D Murali

Investing in new ideas and technologies

Updated on: Aug 13, 2011
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Return on investment or ROI is simply not a useful way of thinking about new ideas and new technologies, writes Tim Harford in ‘Adapt: Why success always starts with failure' ( www.landmarkonthenet.com ). It is impossible to estimate a percentage return on blue-sky research, and it is delusional even to try, he argues. “Most new technologies fail completely. Most original ideas turn out either to be not original after all, or original for the very good reason that they are useless. And when an original idea does work, the returns can be too high to be sensibly measured.”

Mentioning as an example how, in 1928, Alexander Fleming did not keep his laboratory clean, and ended up discovering the world's first antibiotic in a contaminated Petri dish, Harford adds that apparently useless curiosities have later turned out to be essential for developing radio, television, and computing.

To those who wonder if such projects are no different from lottery tickets because of the rare and spectacular payoff, his answer is that lotteries are a zero-sum game. “All they do is redistribute existing resources, whereas research and development can make everyone better off. And unlike lottery tickets bold innovation project do not have a known payoff and a fixed probability of victory.”

You may feel that innovations are easy and widespread because open-source software gets used in student dorms and computing power is ubiquitous. While that may be true of innovations in certain areas, the grim reality is that cures for cancer, dementia and heart disease continue to remain elusive, as the author notes. “In 1984, HIV was identified, and the US health secretary Margaret Heckler announced that a vaccine preventing AIDS would be available within a couple of years. It's a quarter of a century late. And what about a really effective source of clean energy – nuclear fusion, or solar panels so cheap you could use them as wallpaper?”

What these missing-in-action innovations have in common is that they are large and very expensive to develop, he reasons. “They call for an apparently impossible combination of massive resources with an array of wildly experimental innovative gamblers.” In Harford's opinion, therefore, when innovation requires vast funding and years or decades of effort, we cannot wait for universities and government research laboratories to be overtaken by dorm-room innovators, because it may never happen.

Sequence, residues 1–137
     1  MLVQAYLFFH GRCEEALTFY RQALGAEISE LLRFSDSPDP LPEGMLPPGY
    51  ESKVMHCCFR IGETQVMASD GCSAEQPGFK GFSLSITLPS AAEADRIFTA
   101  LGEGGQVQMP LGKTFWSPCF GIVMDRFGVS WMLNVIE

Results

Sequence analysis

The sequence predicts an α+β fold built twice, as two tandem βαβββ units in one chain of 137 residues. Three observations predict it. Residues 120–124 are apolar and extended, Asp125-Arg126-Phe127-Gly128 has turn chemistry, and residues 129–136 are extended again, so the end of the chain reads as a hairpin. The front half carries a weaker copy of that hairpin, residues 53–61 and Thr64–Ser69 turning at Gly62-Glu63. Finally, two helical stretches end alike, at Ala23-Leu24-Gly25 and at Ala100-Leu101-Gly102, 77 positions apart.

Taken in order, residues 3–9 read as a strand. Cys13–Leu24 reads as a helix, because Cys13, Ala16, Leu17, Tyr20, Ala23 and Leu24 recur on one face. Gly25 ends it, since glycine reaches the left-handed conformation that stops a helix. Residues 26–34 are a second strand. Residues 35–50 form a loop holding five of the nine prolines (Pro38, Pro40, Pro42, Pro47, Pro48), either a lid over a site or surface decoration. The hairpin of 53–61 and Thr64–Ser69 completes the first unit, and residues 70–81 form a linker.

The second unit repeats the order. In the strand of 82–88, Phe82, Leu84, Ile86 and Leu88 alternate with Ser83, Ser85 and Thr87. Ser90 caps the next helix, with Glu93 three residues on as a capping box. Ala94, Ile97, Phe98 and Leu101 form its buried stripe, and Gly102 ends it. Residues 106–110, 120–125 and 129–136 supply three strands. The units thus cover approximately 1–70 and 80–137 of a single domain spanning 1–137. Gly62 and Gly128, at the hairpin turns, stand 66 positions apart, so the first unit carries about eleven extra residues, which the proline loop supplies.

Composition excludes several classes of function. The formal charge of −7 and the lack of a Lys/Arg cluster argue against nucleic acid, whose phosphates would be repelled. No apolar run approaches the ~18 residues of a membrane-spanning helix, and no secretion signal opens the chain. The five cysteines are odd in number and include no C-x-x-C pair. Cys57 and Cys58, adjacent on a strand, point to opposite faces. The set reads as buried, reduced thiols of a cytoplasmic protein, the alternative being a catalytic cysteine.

Prize money

Thankfully, there can be interesting alternatives. Take, for instance, the $1.5 billion prize offered by five national governments and the Bill and Melinda Gates Foundation. Called an ‘advanced market commitment,' the prize aims to reward the developers and suppliers of a more effective vaccine against pneumococcal diseases such as pneumonia, meningitis and bronchitis.

The reason a prize is needed, as the author elaborates, is because despite a patent, no pharmaceutical company could expect to reap much reward from a product that will largely benefit the very poor, though pneumococcal infections kill nearly a million young children a year, almost all of them in poor countries. And, reassuringly, the idea has worked! “At the end of 2010, children in Nicaragua received the first prize-funded vaccines for pneumococcal disease.”

The next target is a vaccine for malaria, which might require a prize of $5 billion to generate commercial interest, the author observes. “Prize enthusiasts think that even an HIV vaccine may be possible, and speculate about a fund of $10 billion to $20 billion, three times the total annual research spending of the largest drugs companies.”

The wonderful thing about prizes, says Harford, is that they do not cost a penny until success is achieved. “This allows the ultimate combination: a completely open field, where failures are tolerated and the boldest, riskiest idea could succeed, alongside huge sums of money that are spent only when the problem is solved.”

A book that can push you to reprioritise your resources.

Published on August 21, 2011

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